Blood pressure control in non-diabetic kidney disease patients

The Modification of Diet in Renal Disease (MDRD) research is the first study to investigate the impact of lowering the BP target to alter the progress of kidney disease (Ruggenenti, Perna, & Loriga 2005). Diabetic individuals under insulin medication did not participate in the research except for 26 individuals with diabetic nephropathy. During the period of the study, the mortality rate of renal disease reduced considerably. Moreover, the number of patients who got to ESRD level declined. The study showed that low BP goal is effective in managing renal disease among proteinuric individuals (Lewis & Noble 2012).

Another important investigation was the African-American Study on Kidney Disease (AASK). It addressed some limitations that had been witnessed in the initial study. The results of both studies revealed that lowering the blood pressure was effective in altering the development of kidney disease over prolonged time. Nonetheless, MDRD and AASK studies retrieved their facts from sub-group assessments or randomised stages with long-standing observations (McCormick, Hiremath, & Ruzicka 2014). However, in both studies, the MAP degrees were unsystematic with respect to the patients systolic and diastolic blood pressure. Consequently, there is the need for the future researchers to consider the existing loopholes in the studies to provide a better evidence-based blood pressure control formula for non-diabetic kidney disease patients. Meanwhile, a target of <130/80 as suggested in the AASK research would be the most preferable particularly for individuals with urine protein secretion over 0.25-0.3. gr/day (Ruggenenti, Perna, & Loriga 2005).

According to Sarafidis and Ruilope (2011), while several studies determine the optimal blood pressure that limit the growth of renal disease, there is still no adequate evidence-based tactic for setting blood pressure goals for diabetic CKD patients. Initially, unsystematic assessment on diabetic individuals who had differing points of kidney performance as well as albumin secretion that likened various blood pressure targets did not disclose any notable differences in creatinine reduction. Instead, there was a decline of proteinuria coupled with gradual advancement to macroalbuminiria. Minimising spontaneous bacterial peritonitis (SBP) to 130 mmHg has the potential to reduce GFR.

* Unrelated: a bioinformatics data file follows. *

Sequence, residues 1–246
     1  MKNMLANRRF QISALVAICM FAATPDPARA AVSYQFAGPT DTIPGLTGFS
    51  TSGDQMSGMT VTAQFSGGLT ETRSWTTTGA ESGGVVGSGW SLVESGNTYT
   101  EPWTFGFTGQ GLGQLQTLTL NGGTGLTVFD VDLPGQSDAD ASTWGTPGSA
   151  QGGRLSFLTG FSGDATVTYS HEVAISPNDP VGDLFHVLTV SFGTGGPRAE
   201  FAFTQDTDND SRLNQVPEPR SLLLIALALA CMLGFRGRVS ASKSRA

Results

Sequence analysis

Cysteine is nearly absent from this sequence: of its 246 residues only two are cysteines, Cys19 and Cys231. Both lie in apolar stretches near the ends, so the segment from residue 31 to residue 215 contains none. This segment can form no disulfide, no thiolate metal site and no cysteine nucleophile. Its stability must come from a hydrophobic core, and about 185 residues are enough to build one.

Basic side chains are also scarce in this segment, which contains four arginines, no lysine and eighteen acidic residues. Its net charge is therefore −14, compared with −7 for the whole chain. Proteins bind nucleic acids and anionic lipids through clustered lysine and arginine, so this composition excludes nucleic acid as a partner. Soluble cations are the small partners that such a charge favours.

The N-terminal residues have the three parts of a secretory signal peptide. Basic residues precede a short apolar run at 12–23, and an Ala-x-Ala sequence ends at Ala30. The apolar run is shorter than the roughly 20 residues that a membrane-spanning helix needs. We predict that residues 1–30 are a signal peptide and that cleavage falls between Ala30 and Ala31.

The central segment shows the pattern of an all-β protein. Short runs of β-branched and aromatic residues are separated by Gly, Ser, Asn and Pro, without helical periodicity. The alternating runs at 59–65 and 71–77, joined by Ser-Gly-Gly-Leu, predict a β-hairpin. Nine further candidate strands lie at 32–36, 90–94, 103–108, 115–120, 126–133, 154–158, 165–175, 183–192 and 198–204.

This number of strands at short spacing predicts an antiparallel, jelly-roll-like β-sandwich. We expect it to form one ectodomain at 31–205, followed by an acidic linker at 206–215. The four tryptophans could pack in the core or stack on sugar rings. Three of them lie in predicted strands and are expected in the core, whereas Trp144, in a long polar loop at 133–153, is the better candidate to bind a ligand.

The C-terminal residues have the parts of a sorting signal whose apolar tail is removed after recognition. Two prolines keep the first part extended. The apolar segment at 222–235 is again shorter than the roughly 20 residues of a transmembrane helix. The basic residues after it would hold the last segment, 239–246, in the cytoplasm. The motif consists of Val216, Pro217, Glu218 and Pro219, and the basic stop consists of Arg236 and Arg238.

Clinicians continue to use evidence-based approach for controlling blood pressure among diabetic renal disease patients. However, the existing guidelines recommend setting a goal of the <130/80 mmHg for victims with diabetes (Becker, Hewitson & Chrysostomou 2009). For patients with type 2 diabetes, clinicians observe that antihypertensive therapy and ACEi help in disrupting the growth of albuminuria and relapse of normoalbuminuria (Sarafidis & Ruilope 2011).

Causes of CKD in diabetic and non-diabetic individuals
Fig 4: Causes of CKD in diabetic and non-diabetic individuals

Lifestyle and Drug Therapy for reducing blood pressure among renal disease patients

Blood pressure can be reduced using both pharmacological treatments and lifestyle adjustments (McCormick, Hiremath, & Ruzicka 2014). However, achieving a blood pressure reduction is often difficult for senior patients, diabetes mellitus patients, as well as those with co-morbidities. The reason is because of the elevated conduit-artery constriction. Senior CKD patients and victims of diabetes are susceptible to orthostatic hypotension, a situation that is worsened by volume reduction (Goodfriend 2007). Most CKD patients should be given medications that can regulate blood pressure particularly, vasodilators. However, it is important to constantly check for the side effects, which include vertigo and postural hypotension.